If you have been asking yourself “Why am I shrinking in height?” The scientific explanation can lead you to an accurate answer.
According to medical experts, our spine shrinks as we get older. Since our height depends upon spinal bones, leg bones, and skull, a shrinkage in the spine directly affects our height.
Our spine comprises 33 segmented bones or vertebrae, which have 23 discs between them. These discs are made of soft tissue and act as shock absorbers for our vertebrae and spine. We also have segments of cartilage in the spine joints that are known as facet joints. These facet joints allow you to turn your spine and be flexible in your movements.
As we grow older, the discs and cartilage between our vertebrae start to break down and shrink. When this happens, you can start losing the upright form of your spine as well as the formation of height that was possible in your early twenties.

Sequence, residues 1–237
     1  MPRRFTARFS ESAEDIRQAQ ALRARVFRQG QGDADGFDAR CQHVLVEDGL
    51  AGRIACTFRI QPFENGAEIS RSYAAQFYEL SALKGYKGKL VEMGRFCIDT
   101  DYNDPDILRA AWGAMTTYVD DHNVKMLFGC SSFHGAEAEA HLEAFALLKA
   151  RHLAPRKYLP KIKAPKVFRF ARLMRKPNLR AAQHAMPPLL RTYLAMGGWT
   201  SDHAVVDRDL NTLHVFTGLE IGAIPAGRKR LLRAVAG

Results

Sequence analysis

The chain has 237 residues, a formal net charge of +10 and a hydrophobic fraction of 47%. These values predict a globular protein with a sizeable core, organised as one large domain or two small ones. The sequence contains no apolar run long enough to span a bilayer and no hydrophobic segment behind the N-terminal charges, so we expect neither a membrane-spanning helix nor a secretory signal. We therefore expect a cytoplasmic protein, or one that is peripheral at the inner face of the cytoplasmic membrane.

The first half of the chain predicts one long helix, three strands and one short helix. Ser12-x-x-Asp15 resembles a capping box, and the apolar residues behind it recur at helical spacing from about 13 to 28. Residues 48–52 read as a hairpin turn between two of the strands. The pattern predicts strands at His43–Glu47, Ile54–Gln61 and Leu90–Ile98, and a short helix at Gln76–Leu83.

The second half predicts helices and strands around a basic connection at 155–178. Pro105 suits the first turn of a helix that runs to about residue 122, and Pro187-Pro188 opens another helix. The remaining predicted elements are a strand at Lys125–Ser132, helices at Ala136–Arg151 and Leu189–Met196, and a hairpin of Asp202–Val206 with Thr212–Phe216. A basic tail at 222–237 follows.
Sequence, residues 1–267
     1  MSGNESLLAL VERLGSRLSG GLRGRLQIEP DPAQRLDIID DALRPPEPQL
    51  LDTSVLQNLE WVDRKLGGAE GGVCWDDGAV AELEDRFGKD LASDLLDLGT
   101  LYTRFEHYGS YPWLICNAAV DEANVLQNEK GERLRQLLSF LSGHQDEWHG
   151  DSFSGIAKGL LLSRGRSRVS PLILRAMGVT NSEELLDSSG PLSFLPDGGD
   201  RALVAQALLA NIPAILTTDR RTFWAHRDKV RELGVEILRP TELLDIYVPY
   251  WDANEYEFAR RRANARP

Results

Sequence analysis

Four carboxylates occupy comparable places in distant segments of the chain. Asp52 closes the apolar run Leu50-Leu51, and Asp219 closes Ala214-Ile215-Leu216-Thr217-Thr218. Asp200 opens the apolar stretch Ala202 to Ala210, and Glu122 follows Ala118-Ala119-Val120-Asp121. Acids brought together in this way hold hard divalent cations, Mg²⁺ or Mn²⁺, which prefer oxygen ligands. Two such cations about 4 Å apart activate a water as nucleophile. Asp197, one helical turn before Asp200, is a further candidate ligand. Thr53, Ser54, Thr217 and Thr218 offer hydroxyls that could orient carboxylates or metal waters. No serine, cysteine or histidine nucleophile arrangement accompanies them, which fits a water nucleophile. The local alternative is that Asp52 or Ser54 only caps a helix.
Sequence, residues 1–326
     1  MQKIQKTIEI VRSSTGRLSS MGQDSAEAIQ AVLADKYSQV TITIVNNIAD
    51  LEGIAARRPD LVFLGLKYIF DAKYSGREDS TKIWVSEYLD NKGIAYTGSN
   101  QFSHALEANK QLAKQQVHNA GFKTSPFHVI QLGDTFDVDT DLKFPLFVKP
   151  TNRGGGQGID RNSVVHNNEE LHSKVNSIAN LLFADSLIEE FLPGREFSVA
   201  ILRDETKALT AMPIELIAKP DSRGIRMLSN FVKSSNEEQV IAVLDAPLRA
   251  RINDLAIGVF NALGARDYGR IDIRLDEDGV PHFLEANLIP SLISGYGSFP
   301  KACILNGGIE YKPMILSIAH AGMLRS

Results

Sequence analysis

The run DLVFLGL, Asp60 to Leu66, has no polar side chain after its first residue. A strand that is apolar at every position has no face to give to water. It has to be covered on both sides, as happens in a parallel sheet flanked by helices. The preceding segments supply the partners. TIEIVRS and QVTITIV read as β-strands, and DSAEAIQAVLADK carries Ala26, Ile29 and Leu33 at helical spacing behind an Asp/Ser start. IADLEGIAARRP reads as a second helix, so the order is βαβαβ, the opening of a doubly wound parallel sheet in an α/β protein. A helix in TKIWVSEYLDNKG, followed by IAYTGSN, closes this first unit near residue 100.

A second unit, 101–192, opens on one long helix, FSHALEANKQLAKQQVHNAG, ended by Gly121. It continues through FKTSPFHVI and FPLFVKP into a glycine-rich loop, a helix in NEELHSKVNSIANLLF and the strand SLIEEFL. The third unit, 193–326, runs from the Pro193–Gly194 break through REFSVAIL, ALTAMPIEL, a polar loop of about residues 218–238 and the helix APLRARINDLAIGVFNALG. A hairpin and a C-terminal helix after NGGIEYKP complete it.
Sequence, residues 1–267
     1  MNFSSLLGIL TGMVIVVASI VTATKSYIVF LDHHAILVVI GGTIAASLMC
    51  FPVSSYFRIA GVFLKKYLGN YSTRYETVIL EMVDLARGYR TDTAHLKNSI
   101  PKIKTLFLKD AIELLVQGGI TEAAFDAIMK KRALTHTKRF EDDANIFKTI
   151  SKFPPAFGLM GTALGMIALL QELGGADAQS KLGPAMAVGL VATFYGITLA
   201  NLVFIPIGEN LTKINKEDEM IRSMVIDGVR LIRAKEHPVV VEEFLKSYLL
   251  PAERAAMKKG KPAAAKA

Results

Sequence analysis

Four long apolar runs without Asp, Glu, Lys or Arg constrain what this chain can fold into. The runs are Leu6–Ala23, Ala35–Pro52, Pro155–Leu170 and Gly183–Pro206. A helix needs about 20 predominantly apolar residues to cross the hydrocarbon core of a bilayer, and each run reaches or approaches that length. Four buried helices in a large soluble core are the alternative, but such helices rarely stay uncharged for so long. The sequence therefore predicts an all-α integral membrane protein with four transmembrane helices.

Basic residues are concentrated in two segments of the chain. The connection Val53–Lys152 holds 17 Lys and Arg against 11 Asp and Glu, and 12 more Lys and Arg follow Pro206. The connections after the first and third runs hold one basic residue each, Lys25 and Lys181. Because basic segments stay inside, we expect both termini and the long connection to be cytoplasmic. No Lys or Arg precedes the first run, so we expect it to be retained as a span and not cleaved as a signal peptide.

In turn, a shrinkage in the discs and cartilage has an effect on the uprightness and length of your spine. As you continue to age and your spinal bones continue to lose their height, you start appearing shorter.
After the age of 35, we also lose more bone mass than we experience bone buildup. This can have an effect on making your spine appear shorter in height as well.
But if you are thinking about why am I shrinking in height to a significant degree, the answer may come in the form of osteoporosis. In this medical condition, your bones start to lose their density and become brittle. This condition is especially evident in women aged 50 or older, but it also affects men.
While there is not much that you can do to prevent the natural shrinkage of spinal discs and cartilage, you can prevent osteoporosis by exercising regularly, avoiding alcohol, steering clear of smoking, and consuming a diet rich in calcium as well as vitamin D.